Two years later, the ex-wife had Bobby Newman file a lawsuit because the ex-husband had not exercised many of his stock options. Judge Pratt conducted a trial on December 19, 2012. Judge Pratt ruled that Mr. Newman would be granted almost all of the relief he was asking for (contempt, declaratory judgment, “clarification” that dramatically changed the ex-husband’s obligations regarding the stock options, and $77,000.00 in attorney’s fees).
An entry hearing was set for March 25 and counsel appeared, including Don Fullenweider and Sallee Smyth for the ex-husband. After waiting for over an hour, the attorneys were told by the court coordinator that Judge Pratt would not come out into the courtroom if they were there. The lawyers were asked to leave their various motions and responses for the judge to read later. An attorney asked the coordinator if that meant that all of the other people in the courtroom waiting for a hearing would be denied a hearing if the lawyers in the Messier case refused to leave the courtroom. Mr. Jeffcoat, the coordinator at the time, predicted that if they stayed that Judge Pratt would simply not leave her chambers. So, the lawyers left their pleadings with Mr. Jeffcoat and left. They then waited and waited for a ruling. Ms. Smyth e-mailed the coordinator several times and he assured her that she would be notified when a ruling was made.
On June 5, Mr. Fullenweider received a notice that an order had been signed on March 25, the day of the entry hearing. That was odd since Mr. Jeffcoat had e-mailed Ms. Smyth on April 3 and said that he had not received any ruling from Judge Pratt and that he would let the attorneys know when a ruling was made.
The order as submitted by Mr. Newman is signed by Judge Pratt and is dated in her handwriting “March 25, 2013.” By the time the ex-husband’s attorneys received the notice from the District Clerk that an order had been signed, it was in theory too late to file a notice of appeal. The new order as submitted by Newman dramatically changed the husband’s obligations and is clearly a substantive change from the divorce decree. The order submitted by Newman only awarded him $59,198.75 in attorneys fees (instead of the $77,000 Pratt had granted) but also orders the ex-husband to pay the ex-wife $25,000.00 for her appellate attorney fees within one day of posting notice of appeal of this order. Interestingly, the order Newman submitted granted his client less relief than what Pratt had ruled. For example, the ex-husband was not held in contempt as Pratt had ruled (probably since the decree did not order him to exercise any of the options). Newman’s order did find that the ex-husband had breached his fiduciary duty and ordered him to exercise each stock option as soon as its price reached the strike price if the ex-wife requested him to do so. The ex-husband was prospectively “fined” $5,000 for each day he fails to exercise the stock options as ordered in the future.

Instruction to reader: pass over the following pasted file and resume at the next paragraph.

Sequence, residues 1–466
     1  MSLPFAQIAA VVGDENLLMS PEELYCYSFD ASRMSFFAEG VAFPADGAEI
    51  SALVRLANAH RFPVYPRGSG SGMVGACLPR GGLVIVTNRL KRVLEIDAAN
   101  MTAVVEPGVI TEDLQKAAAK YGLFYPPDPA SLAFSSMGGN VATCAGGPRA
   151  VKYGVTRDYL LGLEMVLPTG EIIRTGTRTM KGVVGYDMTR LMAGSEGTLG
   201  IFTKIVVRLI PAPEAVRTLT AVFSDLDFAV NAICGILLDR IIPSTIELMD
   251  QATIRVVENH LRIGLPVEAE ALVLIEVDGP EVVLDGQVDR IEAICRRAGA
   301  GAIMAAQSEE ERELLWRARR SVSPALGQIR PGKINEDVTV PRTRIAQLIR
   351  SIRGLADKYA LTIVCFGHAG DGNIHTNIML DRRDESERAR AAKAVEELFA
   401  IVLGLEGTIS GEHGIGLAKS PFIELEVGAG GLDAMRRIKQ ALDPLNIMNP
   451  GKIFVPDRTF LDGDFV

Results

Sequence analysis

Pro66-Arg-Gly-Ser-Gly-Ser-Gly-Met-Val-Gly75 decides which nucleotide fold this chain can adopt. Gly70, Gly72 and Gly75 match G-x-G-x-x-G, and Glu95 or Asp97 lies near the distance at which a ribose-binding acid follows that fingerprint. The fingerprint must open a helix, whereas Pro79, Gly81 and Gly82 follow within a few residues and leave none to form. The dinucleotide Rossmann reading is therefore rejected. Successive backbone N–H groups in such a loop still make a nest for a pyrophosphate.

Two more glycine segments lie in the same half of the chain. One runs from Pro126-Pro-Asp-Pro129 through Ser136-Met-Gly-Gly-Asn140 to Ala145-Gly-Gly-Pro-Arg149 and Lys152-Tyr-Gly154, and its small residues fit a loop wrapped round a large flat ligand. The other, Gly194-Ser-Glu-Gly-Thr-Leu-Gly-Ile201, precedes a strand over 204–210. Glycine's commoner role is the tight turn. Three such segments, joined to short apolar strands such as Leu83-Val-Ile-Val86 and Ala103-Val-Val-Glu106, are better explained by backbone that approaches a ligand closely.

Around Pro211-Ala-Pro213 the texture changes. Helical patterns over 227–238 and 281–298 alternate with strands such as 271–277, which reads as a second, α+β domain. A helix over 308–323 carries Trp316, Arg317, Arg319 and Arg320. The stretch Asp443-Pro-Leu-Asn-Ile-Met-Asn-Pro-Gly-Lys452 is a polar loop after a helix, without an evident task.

Ms. Smyth filed a motion under TRCP 306a and TRAP 4.2 to extend the deadline to appeal because of late notice that the order had been entered. The affidavits attached to that motion tell the very odd story summarized above. Newman agreed to that motion and now the ex-husband is appealing this order.
It seems very likely that Judge Pratt did not sign this order on March 25 as she wrote when she signed the order. Her own coordinator was telling attorneys weeks later that no ruling had been made. The District Clerk did not get a signed order until early June when it sent out the required notice. On May 22, this newsletter ran a little article under the headline “Judge Pratt Ordered To Do Her Job.” The first sentence of that article said,”The First Court of Appeals conditionally granted a writ of mandamus directing Judge Denise Pratt to get off her kiester and issue a ruling in an enforcement case she heard in June 2012!” Lawyers started noticing after that article ran that Judge Pratt then began making rulings in cases she had heard months before. Some lawyers have reported that the orders they received were dated weeks or even months before the orders appeared in the court files.
A judge who accidentally writes in the wrong date when she signs an order lacks the mens rea to have committed this crime. However, a judge who intentionally back dates an order she signs by a few months has made a “false entry” and would have committed a Class A Misdemeanor. I cannot say what Judge Pratt intended to do in this situation.